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Romney Goes Bold in Foreign Policy Speech


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Alana Goodman



Anyone who worried Mitt Romney would be overly cautious or avoid taking strong stances during his foreign policy speech today was proved wrong. Romney delivered a substantive critique of Obama’s Middle-East policy, and outlined his own strategy, including some bold positions on Syria and Afghanistan. The best soundbite of the speech, “hope is not a strategy,” will surely be a theme the campaign hammers home between now and the election. This is more than a catchy line; it’s an encapsulation of Obama’s Middle-East policy. In the Arab-Spring countries, democracy needs to be guided, supported, and encouraged. And yet Obama has seemed reluctant to use U.S. influence on this front.




In Syria, Romney said he would arm the anti-Assad forces, and explained why U.S. involvement there is critical in terms of our values and strategic interests regarding Iran. He also noted that it’s important to show our support for the Syrians fighting the Assad regime is more than just words.


In Syria, I will work with our partners to identify and organize those members of the opposition who share our values and ensure they obtain the arms they need to defeat Assad’s tanks, helicopters, and fighter jets. Iran is sending arms to Assad because they know his downfall would be a strategic defeat for them. We should be working no less vigorously with our international partners to support the many Syrians who would deliver that defeat to Iran—rather than sitting on the sidelines. It is essential that we develop influence with those forces in Syria that will one day lead a country that sits at the heart of the Middle East.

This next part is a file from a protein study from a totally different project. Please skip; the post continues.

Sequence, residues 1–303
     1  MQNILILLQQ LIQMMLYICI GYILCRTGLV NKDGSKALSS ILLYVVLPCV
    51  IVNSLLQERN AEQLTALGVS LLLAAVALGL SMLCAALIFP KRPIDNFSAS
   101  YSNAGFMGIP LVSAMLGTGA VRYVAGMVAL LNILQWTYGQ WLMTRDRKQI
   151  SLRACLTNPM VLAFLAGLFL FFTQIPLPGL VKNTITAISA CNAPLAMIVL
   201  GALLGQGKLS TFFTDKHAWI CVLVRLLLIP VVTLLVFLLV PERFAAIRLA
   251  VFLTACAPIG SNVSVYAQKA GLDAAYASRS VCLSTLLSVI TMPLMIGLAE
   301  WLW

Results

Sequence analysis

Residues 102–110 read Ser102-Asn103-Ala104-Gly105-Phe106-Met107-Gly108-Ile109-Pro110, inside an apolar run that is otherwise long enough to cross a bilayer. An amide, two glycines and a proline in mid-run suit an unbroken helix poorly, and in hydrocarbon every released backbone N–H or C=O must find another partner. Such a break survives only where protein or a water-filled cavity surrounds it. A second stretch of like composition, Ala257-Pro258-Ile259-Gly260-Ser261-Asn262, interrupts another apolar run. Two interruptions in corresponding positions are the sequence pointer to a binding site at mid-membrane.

Romney also rejected a policy of “daylight” between Israel and the U.S., committed himself to the peace process and a future Palestinian state, and reiterated his red line on Iran (nuclear capability). The speech was well-delivered, too. The debate performance seems to have given Romney a new boost of confidence, and the fact that he’s catching up in the polls made the speech seem weightier than it might have seemed only a few weeks ago.




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Rush absolutely and totally LOVED what "President" Romney said.

He is sounding like a 100 per center for Mitt now with no reservations.

Have no idea what is going on with Kristol.

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